This a program that is Amazon-controlled. That’s important on the small scale—such as excluding things like magazines or dropping the rates—but it’s also important on the large scale.
Amazon can shut down Kindle Unlimited if it outlasts its usefulness or if it doesn’t earn to expectations. I’m not even sure what earning to expectations means. Maybe it’s not money. It might be a set number of subscribers.
Either way, Kindle Unlimited/Kindle Select exists at the whim of Amazon, which, in this fraught economic moment, is quite a risk for writers.
Amazon can and does shut down author accounts all the time for perceived and actual problems. Perceived? A writer friend of mine, award-winning and bestselling in both traditional and indie, had her account shut down for a reason that I can’t even remember right now. The reason was that minor. And terribly frustrating, because she hadn’t done anything wrong. But it took nearly a week of back and forths to get the account reinstated—and that wasn’t even in Kindle Unlimited. That was a straight Amazon account.
The problem is even worse for Kindle Unlimited authors who have pledged exclusivity to Amazon. As TorrentFreak reported in February, writers in Select have had their books pulled because the books were “freely available all over the web.” In other words, the books had been pirated.
Writers had their accounts suspended. If they could prove that their books were “freely available on the web” due to piracy, the accounts got reinstated. After a loss of revenue, however.
Amazon can remove books for any violation of their terms of service. It can be difficult for the writer to find a human to handle the complaint. It takes time.
Everything about Select smells of traditional publishing to me. The historically low payments, the take-it-or-leave it terms. The fact that a career can disappear virtually overnight.
This is why I repeatedly urge writers to go wide.
But it’s not the only reason. Amazon is clearly reevaluating their business model on all levels, and that includes books.
When Jeff Bezos was CEO, books and the book division were untouchable. Bezos started the company as a bookstore, and had a firm love for books. The new CEO does not have that love of books. He came from Amazon web services, and is proudly stating that he’s not going to run the business “the Bezos way.”
I’m not exactly sure what that means. Does that mean he won’t make the business as innovative? As profitable? (If so, he’s succeeding.) Or is that simply a matter of style?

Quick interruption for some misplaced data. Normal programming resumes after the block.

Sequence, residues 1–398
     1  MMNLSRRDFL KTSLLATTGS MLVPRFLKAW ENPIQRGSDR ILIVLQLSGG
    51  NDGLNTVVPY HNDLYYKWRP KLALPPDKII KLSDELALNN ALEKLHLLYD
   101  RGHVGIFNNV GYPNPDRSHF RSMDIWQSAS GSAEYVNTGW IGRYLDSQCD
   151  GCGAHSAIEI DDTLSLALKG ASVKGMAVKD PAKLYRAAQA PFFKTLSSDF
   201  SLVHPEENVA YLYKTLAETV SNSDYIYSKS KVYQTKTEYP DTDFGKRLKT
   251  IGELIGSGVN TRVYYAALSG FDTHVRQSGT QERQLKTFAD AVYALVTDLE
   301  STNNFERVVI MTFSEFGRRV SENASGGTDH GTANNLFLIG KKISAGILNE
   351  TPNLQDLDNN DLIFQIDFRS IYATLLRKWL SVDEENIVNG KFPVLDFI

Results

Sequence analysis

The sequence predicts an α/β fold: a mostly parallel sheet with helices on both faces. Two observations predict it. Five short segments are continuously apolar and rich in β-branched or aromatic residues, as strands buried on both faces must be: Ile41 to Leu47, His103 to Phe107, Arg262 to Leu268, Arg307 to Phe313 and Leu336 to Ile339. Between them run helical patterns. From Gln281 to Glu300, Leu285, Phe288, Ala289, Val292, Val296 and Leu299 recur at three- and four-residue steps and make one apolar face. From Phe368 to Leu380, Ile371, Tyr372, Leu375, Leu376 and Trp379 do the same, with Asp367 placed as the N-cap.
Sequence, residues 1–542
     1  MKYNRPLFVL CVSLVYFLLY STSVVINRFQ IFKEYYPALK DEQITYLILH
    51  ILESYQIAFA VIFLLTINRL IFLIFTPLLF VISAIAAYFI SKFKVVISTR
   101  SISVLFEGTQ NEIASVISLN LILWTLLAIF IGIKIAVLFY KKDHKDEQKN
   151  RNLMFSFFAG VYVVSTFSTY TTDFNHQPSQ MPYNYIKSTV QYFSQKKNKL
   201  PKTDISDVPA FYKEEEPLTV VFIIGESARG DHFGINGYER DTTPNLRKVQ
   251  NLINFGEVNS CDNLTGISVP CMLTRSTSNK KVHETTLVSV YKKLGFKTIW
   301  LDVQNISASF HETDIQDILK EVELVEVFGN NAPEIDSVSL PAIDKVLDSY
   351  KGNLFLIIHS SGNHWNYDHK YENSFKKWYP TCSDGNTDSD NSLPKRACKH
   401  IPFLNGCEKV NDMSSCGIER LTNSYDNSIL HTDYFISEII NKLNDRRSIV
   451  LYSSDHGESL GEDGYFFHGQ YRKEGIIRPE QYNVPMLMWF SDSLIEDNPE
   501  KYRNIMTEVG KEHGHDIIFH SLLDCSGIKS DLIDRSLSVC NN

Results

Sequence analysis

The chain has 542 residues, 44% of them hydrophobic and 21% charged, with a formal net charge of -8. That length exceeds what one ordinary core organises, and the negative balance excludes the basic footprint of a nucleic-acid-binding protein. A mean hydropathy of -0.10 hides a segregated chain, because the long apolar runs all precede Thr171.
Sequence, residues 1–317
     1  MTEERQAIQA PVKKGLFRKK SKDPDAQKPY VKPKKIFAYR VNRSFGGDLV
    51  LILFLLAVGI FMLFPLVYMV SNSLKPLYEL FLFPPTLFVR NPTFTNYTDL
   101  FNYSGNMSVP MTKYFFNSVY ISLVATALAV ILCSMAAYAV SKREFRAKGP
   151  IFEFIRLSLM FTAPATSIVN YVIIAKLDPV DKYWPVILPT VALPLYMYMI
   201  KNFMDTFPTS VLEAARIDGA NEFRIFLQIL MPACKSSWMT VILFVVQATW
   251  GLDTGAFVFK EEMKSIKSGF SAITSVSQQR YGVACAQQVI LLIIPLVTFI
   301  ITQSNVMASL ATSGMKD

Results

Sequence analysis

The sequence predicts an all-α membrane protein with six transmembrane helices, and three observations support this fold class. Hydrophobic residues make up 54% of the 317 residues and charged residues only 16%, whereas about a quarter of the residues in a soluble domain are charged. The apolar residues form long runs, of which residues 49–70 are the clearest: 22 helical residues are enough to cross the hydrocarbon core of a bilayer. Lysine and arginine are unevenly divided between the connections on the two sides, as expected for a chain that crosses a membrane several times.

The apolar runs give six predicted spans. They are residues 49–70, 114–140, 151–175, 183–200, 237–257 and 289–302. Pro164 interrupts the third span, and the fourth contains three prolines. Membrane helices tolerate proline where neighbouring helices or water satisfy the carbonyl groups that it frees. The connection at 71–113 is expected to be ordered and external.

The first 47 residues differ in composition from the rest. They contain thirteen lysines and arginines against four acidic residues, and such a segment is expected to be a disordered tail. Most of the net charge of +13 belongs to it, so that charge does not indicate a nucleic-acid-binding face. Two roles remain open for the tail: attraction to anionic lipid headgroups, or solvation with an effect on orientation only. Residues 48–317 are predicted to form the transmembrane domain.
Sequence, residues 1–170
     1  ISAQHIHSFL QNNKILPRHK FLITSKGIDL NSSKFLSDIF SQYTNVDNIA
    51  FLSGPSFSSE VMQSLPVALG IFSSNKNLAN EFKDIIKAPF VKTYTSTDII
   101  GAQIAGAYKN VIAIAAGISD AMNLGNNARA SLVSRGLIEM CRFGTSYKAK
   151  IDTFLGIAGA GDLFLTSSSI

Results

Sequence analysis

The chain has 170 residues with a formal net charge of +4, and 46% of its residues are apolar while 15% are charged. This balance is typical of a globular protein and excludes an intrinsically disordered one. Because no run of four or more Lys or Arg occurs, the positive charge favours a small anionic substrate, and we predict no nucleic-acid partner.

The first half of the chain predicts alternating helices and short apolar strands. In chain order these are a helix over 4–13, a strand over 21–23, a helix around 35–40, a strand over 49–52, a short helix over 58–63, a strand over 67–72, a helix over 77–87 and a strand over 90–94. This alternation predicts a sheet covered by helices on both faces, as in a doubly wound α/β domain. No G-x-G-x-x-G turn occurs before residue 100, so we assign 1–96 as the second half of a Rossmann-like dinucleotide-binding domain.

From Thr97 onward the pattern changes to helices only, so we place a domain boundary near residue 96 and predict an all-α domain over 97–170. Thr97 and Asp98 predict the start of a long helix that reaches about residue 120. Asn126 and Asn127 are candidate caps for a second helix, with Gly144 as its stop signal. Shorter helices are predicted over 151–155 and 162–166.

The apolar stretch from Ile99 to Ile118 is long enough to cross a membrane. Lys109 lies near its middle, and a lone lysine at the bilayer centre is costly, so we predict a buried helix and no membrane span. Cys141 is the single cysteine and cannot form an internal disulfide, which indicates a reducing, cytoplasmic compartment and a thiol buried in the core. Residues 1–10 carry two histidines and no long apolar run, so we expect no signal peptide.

Whatever the difference is, it is clear that the new CEO’s priorities are very different. In November of last year, Amazon announced that it would cut employees in its books and devices divisions. Shock resounded through the book world. Everyone thought books and Amazon were synonymous. Even if Amazon was having financial trouble, it wouldn’t touch the books.
Whoops. That’s no longer true.
Then the cost-cutting continued into 2023, and in every single department. 18,000 jobs in January, 9,000 in April.
All of these cuts have had an impact on customer service. The complaints about Amazon have only grown in the past six months, from both consumers and from writers. Nothing moves quickly at Amazon anymore and if there’s a problem, a robot deals with it first. I’ve heard more customer complaints about Amazon in the past year than I ever have.
I also don’t think it’s a coincidence that some vendors noted a glitch in the late April/early May payments. About the time that writers were fretting that they couldn’t get anyone to answer their complaints, an Amazon employee had uploaded a video of her firing on TikTok. She’d been chronicling her day, and happened to open her email account in front of a live video feed.
There, in her email, was notice that she had been fired. Her reaction went viral.
Employees aren’t the only part of the business being cut. In April, Amazon announced that it was closing Book Depository. Book Depository delivered paper books worldwide, using warehouses in strategic places all over the globe. The company was a boon to readers who preferred paper editions.
The fact that Book Depository disappeared was just further proof that Amazon is no longer giving special privileges to its book division. Readers no longer get special consideration. (Writers are only an appendage of readers, in Amazon’s view.)
What that means is that the book division now gets lumped into everything else. From the vantage of the people who run the company, the folks who answer only to profits and stockholders, everything at Amazon can be cut, altered and changed.
The new CEO came in and began cutting and retooling the company into his own image. He presided over the massive losses, which, to be fair, weren’t entirely his fault, and responded the way an average CEO would respond, with cuts that reduced pretty much everything that makes Amazon special.